Any fine writing enthusiast knows that having a fountain pen requires having dedication, allowing room for patience, providing the proper care, and giving a little bit of love. Unfortunately, there are times when unforeseen mishaps occur. Such is the case of the dreaded mold in your ink or on your pen. Mold to your writing instruments can cause damage to your feed and clog your fountain pen. And just like common mold to any food product, it is alive and can spread quickly.
Fortunately, molding is not a very common occurrence—however when it does occur, it can be a nightmare to contain. Did you know that the origin of source mold usually stems from your ink? This is caused by bottles of ink not being stored or sealed properly. It can also occur in areas with higher humidity. Fountain pen inks are primarily a water-based solution of dye, wetting agents, and a biocide. Biocides are used primarily as a fungicide and mold retardant in most inks available today. While these biocides are available in the ink composition, any alteration in pH levels of the ink can make it a harvesting ground for mold.
There are a few ways to tell if your ink has gone awry. You can sometimes tell if there is a possible contamination if the smell of the ink changes drastically, or if there is an odd color change to the ink as well. Ink also solidifies and collects at the bottom when it becomes older or when there is a chemical change to its properties, also referred to SITB (slime in the bottle). And as always, if there is any indication of floating white or green fuzzy objects in your bottle of ink, chances are you may have mold growing.
If you do have an ink contamination on your hands, the best option is to replace your ink. It’s definitely not a good idea to reuse the ink because it can transfer onto your writing instrument or paper and spread more. Also, inking a fountain pen can potentially contaminate other bottles with transferring ink from one bottle to another.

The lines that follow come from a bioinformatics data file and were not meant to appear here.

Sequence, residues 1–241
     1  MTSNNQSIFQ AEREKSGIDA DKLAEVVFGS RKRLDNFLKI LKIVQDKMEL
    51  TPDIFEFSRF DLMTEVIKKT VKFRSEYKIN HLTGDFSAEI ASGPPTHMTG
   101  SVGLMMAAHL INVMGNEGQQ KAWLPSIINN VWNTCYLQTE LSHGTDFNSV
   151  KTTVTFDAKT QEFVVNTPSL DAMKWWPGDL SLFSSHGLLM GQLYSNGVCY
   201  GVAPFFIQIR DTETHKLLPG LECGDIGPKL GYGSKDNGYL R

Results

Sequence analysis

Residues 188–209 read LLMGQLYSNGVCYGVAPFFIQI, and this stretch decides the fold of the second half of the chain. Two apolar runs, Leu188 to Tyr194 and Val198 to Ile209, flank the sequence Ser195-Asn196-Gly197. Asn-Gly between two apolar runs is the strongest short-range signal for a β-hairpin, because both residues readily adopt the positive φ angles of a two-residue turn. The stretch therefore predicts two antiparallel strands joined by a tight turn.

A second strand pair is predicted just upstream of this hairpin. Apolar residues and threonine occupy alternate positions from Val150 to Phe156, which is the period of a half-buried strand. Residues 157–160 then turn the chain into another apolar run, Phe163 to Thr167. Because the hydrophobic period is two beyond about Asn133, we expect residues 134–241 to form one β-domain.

If a pen is not performing as it should, such as skipping more or not writing at all, this is a telltale sign something might be wrong. The most common source of trouble with your pen can be caused from dried ink deposits. This can be easily resolved by flushing your pen with cool, never hot, water. However, if the cause of source does happen to be mold in the writing instrument itself, your best bet is to immediately flush your fountain pen and sanitize. If you are a seasoned fountain pen user, you can disassemble the pen from the nib to feed, as well as the remaining components and clean thoroughly.
To clean your writing utensil, rinse first and then gently scrub using a biocide or a cleaning solution mixed with water, such as a 1:5 ammonia water mixture to sterilize your fountain pen. Always remember to avoid any cleaners that can corrode or deteriorate metals or celluloids, if applicable, on your writing instruments and to flush with water after each cleaning cycle to ensure that nothing is left behind to damage your pen. Remember to clean inside of the cap as well, as this is often an overlooked area where additional mold can be left behind.
As previously mentioned, mold is not something of the ordinary. With proper storage and sealing of your ink, as well as proper care for your writing instruments, it can be avoided. There is a wonderful community of help and resources available at your fingertips for any questions or concerns regarding fine writing instruments, such as The Fountain Pen Network or here at Paradise Pen. We are always happy to answer any questions or concerns you may have. And the best way to care for your fountain pen is to clean often, ink often, and write!